Finally in this step you'll configure the cloud thermometer sketch, run it, and learn how to visualize the temperature data with a web page. Before you begin make sure you have completed all the previous steps and have the following ready:
  • CloudThermometer Arduino sketch, downloaded from the overview page.
  • Assembled cloud thermometer hardware.
  • Three Steinhart-Hart coefficient values from the calibration.
  • Access key and secret access key of your AWS account.
  • Access key and secret access key of the read only user created in the table setup.
  • Computer with Python 2 or 3 installed. (note for Python 3, the actual command to run an HTTP server is different from what's mentioned in the video).

You can watch the video below to see the setup and usage of the cloud thermometer:
For a summary of the setup, you will need to load the CloudThermometer sketch in Arduino and change the define values at the top of the sketch as follows:
  • ADAFRUIT_CC3000_IRQ, ADAFRUIT_CC3000_VBAT, ADAFRUIT_CC3000_CS: Set these to the appropriate pins which are connected to the IRQ, VBEN, and CS pins respectively on the CC3000.
  • WLAN_SSID, WLAN_PASS, WLAN_SECURITY: Set these to the appropriate values for your wireless network.
  • THERMISTOR_PIN: The ADC pin which is connected to the thermistor.
  • SERIES_RESISTOR: The value (in Ohms) of the resistor connected in series with the thermistor. This should be 10,000.
  • ADC_SAMPLES: Keep the default value of 5.
  • A_COEFFICIENT, B_COEFFICIENT, C_COEFFICIENT: Set these to the three values that were generated in the calibration step.
  • TABLE_NAME: Set this to the name of the DynamoDB table, Temperatures.
  • ID_VALUE: Set this to a unique string value that identifies this set of temperature measurements. For example the name of the food you're cooking is a good value to use for the ID value. Change this value each time you start a new temperature measurement. The ID value will be used to identify and select a temperature measurement in the web page.
  • AWS_ACCESS_KEY, AWS_SECRET_ACCESS_KEY: Set these to the values of your personal AWS account. Do not use the credentials for the read only user here as these are the credentials that are used to write data to the table!
  • AWS_REGION: Set this to the region value from table in the link in the comment. You will want to select the region where your DynamoDB table was created.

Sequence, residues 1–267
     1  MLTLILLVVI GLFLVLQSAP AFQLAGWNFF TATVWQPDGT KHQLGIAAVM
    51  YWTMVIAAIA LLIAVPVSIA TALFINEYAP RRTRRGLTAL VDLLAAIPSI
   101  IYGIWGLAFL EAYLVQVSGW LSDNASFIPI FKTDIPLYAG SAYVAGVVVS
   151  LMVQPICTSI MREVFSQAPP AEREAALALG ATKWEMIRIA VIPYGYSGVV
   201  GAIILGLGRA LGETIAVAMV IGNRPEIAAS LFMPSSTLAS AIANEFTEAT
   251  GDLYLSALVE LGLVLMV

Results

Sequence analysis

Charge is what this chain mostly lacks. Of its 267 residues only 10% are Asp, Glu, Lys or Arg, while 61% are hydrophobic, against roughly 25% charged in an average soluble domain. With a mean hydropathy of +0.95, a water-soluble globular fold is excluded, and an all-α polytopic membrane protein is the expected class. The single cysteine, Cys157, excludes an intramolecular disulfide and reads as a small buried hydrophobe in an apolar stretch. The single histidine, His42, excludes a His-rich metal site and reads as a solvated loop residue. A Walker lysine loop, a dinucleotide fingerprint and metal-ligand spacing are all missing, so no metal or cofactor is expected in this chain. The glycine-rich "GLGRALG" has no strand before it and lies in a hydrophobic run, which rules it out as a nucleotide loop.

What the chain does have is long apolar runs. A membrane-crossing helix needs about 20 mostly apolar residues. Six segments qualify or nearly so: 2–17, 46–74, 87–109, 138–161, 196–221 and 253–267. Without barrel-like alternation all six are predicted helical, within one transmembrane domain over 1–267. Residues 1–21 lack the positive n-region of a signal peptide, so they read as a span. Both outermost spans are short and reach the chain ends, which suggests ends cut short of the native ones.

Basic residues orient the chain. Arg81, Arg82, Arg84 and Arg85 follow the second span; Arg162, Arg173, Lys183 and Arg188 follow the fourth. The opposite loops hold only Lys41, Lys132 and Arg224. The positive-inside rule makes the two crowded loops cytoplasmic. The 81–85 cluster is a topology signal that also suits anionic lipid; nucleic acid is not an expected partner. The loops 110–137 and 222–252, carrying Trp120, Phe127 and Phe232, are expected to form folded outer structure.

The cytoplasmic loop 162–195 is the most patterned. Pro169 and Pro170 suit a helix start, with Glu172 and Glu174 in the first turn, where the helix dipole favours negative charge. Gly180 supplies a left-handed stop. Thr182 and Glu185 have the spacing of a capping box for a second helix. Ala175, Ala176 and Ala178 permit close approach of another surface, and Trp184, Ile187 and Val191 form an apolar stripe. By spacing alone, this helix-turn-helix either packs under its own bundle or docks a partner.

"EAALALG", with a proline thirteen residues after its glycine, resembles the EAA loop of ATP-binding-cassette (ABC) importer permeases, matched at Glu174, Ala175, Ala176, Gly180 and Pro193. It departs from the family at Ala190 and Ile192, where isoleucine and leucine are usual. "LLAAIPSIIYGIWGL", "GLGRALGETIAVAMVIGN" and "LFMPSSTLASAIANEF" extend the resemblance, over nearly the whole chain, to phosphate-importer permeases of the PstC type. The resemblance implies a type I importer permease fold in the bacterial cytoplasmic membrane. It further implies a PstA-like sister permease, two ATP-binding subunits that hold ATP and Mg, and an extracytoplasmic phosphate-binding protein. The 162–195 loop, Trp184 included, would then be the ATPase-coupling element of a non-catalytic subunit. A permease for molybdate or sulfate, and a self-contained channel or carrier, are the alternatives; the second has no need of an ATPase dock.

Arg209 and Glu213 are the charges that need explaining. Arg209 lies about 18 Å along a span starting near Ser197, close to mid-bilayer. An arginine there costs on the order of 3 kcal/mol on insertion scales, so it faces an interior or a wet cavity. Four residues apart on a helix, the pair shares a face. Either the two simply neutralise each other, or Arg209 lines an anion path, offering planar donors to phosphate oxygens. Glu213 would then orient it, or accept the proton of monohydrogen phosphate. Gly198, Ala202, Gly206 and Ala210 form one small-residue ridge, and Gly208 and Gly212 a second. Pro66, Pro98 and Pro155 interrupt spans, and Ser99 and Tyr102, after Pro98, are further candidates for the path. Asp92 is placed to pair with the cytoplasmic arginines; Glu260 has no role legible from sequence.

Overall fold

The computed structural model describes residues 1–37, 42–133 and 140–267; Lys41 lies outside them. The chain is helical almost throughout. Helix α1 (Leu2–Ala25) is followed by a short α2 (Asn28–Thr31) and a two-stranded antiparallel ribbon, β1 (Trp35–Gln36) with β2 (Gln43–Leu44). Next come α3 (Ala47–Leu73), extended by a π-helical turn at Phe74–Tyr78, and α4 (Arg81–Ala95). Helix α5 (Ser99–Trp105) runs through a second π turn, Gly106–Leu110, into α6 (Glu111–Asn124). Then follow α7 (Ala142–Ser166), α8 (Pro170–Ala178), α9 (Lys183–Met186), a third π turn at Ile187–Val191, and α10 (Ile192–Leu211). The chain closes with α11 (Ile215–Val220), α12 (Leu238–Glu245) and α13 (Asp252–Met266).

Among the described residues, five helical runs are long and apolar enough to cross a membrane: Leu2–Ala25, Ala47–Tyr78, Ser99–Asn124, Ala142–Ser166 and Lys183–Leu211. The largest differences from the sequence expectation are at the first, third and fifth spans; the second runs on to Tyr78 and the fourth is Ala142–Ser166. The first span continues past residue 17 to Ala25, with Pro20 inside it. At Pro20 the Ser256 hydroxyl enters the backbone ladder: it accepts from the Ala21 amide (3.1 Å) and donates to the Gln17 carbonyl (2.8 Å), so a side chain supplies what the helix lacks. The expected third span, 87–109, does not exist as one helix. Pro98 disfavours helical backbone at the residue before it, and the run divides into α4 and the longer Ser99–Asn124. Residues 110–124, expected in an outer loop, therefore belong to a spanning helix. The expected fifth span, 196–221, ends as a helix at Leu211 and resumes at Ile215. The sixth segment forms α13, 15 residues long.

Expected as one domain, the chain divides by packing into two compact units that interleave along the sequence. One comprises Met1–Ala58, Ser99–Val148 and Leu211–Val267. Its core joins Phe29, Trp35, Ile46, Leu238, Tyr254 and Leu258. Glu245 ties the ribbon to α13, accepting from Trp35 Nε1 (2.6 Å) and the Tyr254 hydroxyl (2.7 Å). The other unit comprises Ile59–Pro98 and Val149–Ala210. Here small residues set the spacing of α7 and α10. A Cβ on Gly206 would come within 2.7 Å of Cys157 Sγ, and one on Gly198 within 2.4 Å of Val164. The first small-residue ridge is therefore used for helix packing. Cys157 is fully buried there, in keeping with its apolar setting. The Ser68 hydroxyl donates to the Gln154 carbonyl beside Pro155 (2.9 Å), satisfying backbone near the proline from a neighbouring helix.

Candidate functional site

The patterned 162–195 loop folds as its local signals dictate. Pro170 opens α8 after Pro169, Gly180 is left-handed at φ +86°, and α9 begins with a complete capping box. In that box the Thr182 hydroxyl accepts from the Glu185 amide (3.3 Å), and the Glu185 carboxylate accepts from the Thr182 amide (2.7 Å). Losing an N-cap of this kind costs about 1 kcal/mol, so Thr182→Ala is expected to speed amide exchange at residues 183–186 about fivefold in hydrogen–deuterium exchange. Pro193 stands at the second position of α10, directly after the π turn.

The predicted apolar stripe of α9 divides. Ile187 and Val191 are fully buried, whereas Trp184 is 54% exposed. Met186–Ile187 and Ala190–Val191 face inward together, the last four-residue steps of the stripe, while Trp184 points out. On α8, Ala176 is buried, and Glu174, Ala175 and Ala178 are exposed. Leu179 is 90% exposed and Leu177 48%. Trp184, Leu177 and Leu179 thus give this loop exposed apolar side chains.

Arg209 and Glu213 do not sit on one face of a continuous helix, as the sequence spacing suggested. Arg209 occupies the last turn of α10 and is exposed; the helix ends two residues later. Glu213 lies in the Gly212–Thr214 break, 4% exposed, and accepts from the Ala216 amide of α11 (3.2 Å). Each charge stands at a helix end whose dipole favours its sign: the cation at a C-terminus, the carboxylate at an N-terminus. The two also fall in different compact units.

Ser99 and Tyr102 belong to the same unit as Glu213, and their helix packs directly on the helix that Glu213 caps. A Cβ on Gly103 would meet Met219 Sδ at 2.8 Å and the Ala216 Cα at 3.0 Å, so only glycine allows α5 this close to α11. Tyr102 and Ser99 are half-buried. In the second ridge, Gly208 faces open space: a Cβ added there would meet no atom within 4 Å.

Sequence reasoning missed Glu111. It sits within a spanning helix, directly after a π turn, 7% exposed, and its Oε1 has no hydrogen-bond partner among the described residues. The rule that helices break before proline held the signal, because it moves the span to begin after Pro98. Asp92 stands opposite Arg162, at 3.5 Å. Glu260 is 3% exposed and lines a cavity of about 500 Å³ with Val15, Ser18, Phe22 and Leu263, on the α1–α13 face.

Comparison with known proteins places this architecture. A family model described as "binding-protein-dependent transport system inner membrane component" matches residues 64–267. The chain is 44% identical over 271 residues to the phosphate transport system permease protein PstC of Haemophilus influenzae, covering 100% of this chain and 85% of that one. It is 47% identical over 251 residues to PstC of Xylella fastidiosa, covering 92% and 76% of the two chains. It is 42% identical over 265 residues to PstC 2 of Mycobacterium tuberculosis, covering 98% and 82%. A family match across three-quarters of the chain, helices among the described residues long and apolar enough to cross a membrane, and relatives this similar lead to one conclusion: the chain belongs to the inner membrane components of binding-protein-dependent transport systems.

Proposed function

• AWS_HOST: Set this to the endpoint URL from the table in the link in the comment.
Keep the defaults for the remaining configuration values. Load the sketch on your hardware and watch the serial monitor (at 115200 baud) for output from the hardware.

After connecting to your wireless network you should see output every minute as the sketch sends data to DynamoDB. In particular look for an 'HTTP/1.1 200 OK' response value to ensure the hardware is successfully writing to DynamoDB.

If you see an error like 'HTTP/1.1 403 Forbidden' or HTTP/1.1 400 Bad Request', double check your access keys, region, and host configuration is correct and try again.

Once the hardware is running you can setup a simple web page to visualize the data. Edit the index.html file in the webpage subdirectory of the CloudThermometer sketch folder. Add the read only user's access key and secret access key values in the appropriate spot noted in the comments. Also set the region value to the same region value as used in the cloud thermometer sketch.

Save the updated index.html and navigate to the folder in a terminal window. If you have Python 2 installed, enter the command:

python -m SimpleHTTPServer

Otherwise if you have Python 3 installed, enter:

python3 -m http.server

This will run a small HTTP server to serve the index.html page to your web browser. Open http://localhost:8000/ in a browser to see the cloud thermometer web page. Select your measurement ID value to view the temperature graph.

Continue on to see ideas for future enhancements to the project.

This guide was first published on Nov 24, 2013. It was last updated on Nov 24, 2013.

This page (Software Setup) was last updated on Nov 21, 2013.

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